0
riggerrob

What year did you school start teaching AFF?

Recommended Posts

I believe that aircraft is the deciding factor and efficiency of operation. We're a single 182 DZ and offer tandem and IAD training. AFF would tie up the airplane, and be a huge staffing problem.

If you look through the DZ list, there are still a large percentage of operations that do not do AFF.

So, that date is still potentially somewhere out in the future, if at all.

Martin
Wichita Ks

Edit to add: Ok, I'm wrong. It looks like about 10% of DZs are tandem and SL/IAD only. Another 5 to 10% are tandem only. Out here in the plane states, AFF is less common.
Experience is what you get when you thought you were going to get something else.

AC DZ

Share this post


Link to post
Share on other sites
Agreed!
Airplane size and climb rate seem to be the determine factors in whether a DZ concentrates on AFF for solo students.
Smaller DZs that only fly slow- climbing Cessnas seem to prefer IAD and S/L. If the plane only climbs to 9,000 feet - on hot days - then students struggle to complete their lessons in the time available.

OTOH DZs with fast-climbing turbines prefer AFF because the airplane is already going to the top floor and they probably already have extra seats for instructors, vidiots, fun-jumpers, etc.
IOW it costs (the DZO) less (per seat) to send AFF students to the top floor in a turbine.

Share this post


Link to post
Share on other sites
riggerrob

Agreed!
Airplane size and climb rate seem to be the determine factors in whether a DZ concentrates on AFF for solo students.
Smaller DZs that only fly slow- climbing Cessnas seem to prefer IAD and S/L. If the plane only climbs to 9,000 feet - on hot days - then students struggle to complete their lessons in the time available.

OTOH DZs with fast-climbing turbines prefer AFF because the airplane is already going to the top floor and they probably already have extra seats for instructors, vidiots, fun-jumpers, etc.
IOW it costs (the DZO) less (per seat) to send AFF students to the top floor in a turbine.



We loiter the 182 at 4,000' for multiple passes dispatching IAD students. Once they're in freefall, they exit at various altitudes for the next 7 or 8 jumps before they're going to the top. It would not be efficient at all to do that with a turbine aircraft.

Staffing is also an issue. One IAD instructor can dispatch three IAD students on one load. Or put out two on IAD, then go higher with a FF student. A skydiver can be an IAD instructor with as little as 200 jumps, where it's more like 500 for AFF. A lot of the folks out here do less than 100 jumps a year, so it would be 5 to 10 years before someone could typically qualify to be an AFF I, and the majority are gone on to other pursuits before achieving those numbers.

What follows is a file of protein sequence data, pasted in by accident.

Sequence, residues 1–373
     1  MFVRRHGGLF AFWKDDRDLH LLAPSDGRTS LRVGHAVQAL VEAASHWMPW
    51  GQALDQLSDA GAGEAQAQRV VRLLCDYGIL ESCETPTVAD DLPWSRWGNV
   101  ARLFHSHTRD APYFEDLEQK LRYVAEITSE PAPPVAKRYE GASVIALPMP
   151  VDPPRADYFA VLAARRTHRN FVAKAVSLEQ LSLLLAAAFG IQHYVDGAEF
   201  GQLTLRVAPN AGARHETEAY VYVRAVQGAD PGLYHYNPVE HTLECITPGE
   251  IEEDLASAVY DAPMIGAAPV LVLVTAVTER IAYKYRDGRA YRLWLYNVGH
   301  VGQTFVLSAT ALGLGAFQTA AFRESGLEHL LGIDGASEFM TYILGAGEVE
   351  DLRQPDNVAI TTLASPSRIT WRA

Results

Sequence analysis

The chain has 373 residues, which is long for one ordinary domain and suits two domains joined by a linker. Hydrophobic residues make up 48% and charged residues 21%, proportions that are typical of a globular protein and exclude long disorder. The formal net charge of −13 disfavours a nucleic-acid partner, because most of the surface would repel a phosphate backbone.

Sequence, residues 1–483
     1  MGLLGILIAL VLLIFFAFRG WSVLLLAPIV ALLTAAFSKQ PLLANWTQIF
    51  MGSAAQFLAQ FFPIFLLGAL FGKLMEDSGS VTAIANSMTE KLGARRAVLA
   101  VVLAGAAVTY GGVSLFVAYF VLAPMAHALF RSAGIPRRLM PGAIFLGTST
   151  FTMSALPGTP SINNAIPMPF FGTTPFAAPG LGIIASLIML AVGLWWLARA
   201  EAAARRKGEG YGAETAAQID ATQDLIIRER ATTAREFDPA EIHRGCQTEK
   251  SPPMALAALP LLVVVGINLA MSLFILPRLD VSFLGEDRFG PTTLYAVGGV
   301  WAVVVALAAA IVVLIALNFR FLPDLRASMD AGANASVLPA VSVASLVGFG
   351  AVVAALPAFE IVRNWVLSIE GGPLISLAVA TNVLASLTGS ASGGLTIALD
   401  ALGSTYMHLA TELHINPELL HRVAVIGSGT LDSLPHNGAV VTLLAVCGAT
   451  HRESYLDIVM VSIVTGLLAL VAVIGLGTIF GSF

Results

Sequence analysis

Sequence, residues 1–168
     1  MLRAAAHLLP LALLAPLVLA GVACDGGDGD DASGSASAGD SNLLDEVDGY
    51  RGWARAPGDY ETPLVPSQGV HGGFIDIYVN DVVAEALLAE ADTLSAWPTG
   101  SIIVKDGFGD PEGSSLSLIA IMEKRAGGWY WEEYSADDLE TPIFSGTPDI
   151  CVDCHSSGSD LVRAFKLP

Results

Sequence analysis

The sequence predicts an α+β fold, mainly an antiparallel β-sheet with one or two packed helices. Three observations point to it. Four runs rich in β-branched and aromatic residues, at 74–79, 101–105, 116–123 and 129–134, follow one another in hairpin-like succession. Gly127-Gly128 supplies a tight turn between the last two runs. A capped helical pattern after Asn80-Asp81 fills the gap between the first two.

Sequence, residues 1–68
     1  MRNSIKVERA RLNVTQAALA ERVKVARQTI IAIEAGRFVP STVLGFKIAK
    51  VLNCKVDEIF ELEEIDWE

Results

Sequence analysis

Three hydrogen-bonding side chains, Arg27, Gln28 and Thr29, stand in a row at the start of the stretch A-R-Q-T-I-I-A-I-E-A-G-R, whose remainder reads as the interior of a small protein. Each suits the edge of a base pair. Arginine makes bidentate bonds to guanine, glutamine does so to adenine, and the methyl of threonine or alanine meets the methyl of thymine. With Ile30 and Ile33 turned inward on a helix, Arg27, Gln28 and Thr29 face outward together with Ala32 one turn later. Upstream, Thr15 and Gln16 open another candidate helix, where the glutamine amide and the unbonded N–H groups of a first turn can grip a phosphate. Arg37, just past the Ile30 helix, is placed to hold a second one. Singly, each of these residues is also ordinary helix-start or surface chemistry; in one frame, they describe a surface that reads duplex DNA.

Some small operations are choosing Tandem Progression, so it's not as AFF Instructor Intensive, or that's one reason to train Tandem Progression.

In the end, it's all governed by the bottom line. Other than a few operations like ours who would really be better off not doing AFF, but feel compelled by social and market pressures. You can't be one of the cool kids if you're not doing AFF after all!

Edit for spelling, and to add:
I've also had a bone to pick with the USPA Coach Rating. I was the driving force in changing the scope of what a Coach can do at a SL/IAD operation. I currently have a waiver allowing my Coach (only have one right now) to do the ground training for the free fall jumps that she's qualified to do. Another rule which needs to be changed.
Experience is what you get when you thought you were going to get something else.

AC DZ

Share this post


Link to post
Share on other sites
riggerrob

What year did your school start teaching Accompanied FreeFall?

Got my rating in Utah in 1983 at a Cessna DZ. I had actually done a "bandit" aff jump in 1982 for a hangliding instructor friend. In '84 moved to WA where no DZ's were doing AFF, so the rating lapsed after a while. Got my rating back about 10 years ago and been doing AFF since. :)
Having the big lift capacity of a big DZ makes it much easier than at a Cessna DZ. :)

Share this post


Link to post
Share on other sites
skydived19006

I currently have a waiver allowing my Coach (only have one right now) to do the ground training for the free fall jumps that she's qualified to do.

I don't really know much about the coach rating, never had one. But I've seen coaches teach the entire FJC. Aren't they able to do ALL ground prep for subsequent jumps?